AP Spanish Teacher Jose Diaz Reflects on Thirty Years of Involvement with The College Board
AP Spanish Teacher Jose Diaz Reflects on Thirty Years of Involvement with The College BoardDeborah Davis, Director of Digital Content, The College Board
On April 30, The College Board announced an incredibly exciting new partnership with We Day, an initiative of international charity Free The Children that educates, engages, and empowers youth to become agents of change. During a live event in Illinois with over 15,000 students from 601 Chicago area schools in attendance, both organizations committed to a collaboration that will create the AP with We365 Service Program. Launching in fall 2016, the program will allow hundreds of AP teachers in six AP subjects to relate their curriculum directly to community and global service-learning projects sponsored through We Day.
As part of the announcement, a short video which includes comments from a current AP student and an AP Spanish Language and Culture teacher named José Díaz from New York City’s prestigious Hunter College High School, was shown. Díaz has the distinction of being HCHS’s first AP Spanish teacher and he has been working on behalf of the College Board for almost 30 years.
In 1986 he became a member of the AP Spanish Language and Literature Development Committee and was named committee chair two years later. He remained in that role for the next decade while also becoming involved with the AP Summer Institutes and AP training workshops. Díaz was a participant on the College Board’s Panel on Minority Concerns and the Council on College Level Services, and he eventually became involved with the AP Readings. For over 13 years, he served as a Reader and Table Leader, before becoming a Question Leader.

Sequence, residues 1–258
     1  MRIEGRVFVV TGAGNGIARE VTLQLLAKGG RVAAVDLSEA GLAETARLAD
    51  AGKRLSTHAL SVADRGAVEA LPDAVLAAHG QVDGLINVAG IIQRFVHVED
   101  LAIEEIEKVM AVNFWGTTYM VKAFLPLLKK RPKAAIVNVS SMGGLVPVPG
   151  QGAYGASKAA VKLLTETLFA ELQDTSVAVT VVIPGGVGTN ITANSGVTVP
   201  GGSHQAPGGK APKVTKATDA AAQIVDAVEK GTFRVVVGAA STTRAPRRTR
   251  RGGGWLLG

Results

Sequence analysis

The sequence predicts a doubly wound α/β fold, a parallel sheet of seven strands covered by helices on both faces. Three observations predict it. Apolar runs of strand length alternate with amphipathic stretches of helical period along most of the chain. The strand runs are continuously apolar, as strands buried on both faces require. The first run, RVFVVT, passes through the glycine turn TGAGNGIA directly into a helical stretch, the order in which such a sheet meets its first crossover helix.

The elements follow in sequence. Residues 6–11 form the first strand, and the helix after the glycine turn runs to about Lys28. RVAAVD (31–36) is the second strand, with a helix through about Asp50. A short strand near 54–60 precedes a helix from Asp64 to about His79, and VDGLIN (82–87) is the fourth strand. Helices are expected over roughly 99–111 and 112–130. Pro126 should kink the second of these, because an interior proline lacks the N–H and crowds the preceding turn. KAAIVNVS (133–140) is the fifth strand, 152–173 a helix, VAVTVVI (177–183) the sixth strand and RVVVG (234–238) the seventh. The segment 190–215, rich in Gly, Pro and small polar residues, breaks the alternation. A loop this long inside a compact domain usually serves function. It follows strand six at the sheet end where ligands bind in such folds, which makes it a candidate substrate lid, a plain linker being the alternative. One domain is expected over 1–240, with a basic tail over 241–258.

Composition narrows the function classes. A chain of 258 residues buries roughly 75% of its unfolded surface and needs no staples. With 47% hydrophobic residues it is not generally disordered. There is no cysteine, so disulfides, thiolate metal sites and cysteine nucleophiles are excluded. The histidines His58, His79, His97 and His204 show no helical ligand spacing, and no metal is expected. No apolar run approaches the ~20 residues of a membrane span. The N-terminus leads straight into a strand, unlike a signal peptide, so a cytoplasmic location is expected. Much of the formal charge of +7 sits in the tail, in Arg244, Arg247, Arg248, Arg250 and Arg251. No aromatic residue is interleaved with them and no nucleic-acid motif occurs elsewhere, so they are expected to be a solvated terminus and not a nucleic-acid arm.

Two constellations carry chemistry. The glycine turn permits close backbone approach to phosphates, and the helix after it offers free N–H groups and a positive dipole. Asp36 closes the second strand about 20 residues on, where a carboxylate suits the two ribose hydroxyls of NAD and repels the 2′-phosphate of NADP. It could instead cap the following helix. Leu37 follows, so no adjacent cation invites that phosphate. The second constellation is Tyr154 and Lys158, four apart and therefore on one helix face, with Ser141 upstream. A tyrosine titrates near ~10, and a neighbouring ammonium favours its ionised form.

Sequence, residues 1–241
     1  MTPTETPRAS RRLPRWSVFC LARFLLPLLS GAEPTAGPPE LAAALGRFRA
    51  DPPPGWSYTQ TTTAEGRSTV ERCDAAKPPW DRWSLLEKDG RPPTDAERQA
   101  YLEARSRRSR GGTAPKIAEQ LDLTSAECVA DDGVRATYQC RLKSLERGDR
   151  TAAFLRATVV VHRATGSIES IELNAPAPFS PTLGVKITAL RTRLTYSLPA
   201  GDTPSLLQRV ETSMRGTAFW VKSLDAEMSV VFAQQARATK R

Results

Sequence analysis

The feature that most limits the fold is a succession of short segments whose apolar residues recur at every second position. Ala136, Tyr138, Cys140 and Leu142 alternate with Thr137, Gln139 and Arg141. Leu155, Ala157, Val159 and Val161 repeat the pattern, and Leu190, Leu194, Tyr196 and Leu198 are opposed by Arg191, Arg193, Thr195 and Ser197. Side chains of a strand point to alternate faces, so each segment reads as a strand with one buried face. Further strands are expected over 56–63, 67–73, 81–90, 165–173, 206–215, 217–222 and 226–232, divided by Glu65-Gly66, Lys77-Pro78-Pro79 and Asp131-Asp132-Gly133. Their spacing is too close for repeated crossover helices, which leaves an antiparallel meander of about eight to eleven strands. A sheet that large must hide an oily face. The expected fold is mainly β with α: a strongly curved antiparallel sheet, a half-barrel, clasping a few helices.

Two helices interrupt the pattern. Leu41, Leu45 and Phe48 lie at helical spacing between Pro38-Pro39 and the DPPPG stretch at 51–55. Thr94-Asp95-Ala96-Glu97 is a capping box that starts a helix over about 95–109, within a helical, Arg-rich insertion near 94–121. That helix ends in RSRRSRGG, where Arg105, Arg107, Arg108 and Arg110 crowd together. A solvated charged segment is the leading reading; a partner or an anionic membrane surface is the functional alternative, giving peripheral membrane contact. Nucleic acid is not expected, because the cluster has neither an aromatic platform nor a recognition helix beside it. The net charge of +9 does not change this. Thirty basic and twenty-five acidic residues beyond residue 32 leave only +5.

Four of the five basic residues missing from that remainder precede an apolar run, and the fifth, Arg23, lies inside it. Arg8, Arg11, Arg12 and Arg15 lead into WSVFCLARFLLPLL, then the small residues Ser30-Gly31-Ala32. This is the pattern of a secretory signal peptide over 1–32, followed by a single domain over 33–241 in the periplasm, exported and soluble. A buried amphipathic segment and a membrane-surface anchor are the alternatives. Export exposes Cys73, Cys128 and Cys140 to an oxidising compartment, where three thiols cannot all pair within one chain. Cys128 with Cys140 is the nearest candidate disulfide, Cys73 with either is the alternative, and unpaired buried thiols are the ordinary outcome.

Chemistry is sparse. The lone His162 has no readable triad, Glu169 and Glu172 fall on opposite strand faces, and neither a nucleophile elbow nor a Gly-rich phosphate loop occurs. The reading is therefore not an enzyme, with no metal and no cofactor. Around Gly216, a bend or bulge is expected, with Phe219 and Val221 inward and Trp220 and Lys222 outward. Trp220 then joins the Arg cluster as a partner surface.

When I asked Díaz what he thought of the AP Readings, he said, “Some people say that the AP Exam is too expensive, but they don’t know about the AP Readings – one of the most wonderful professional development activities around. It’s a unique opportunity for high school teachers and college professors to get together with a common goal. This type of professional development does not exist outside the College Board.”
From 1999 to 2004, Díaz was as a member of the Board of Trustees and was one of the few high school teachers who served on the Board at that time. During that period, he helped support the College Board’s leadership transition from Don Stewart to Gaston Caperton.
Díaz continues to work on behalf of students by supporting the mission of the College Board. He is currently an AP Advocacy Fellow and a mentor to future AP Consultants. He’s also written 16 academic textbooks for Spanish-language educators.
After witnessing so much College Board history, I asked Díaz how he felt about some of the work we’re spearheading right now.
“David Coleman has taken remarkable steps when it comes to testing, being more true to what students need to know for college,” he said. “The new SAT is much more in line with what students are doing in the classroom.”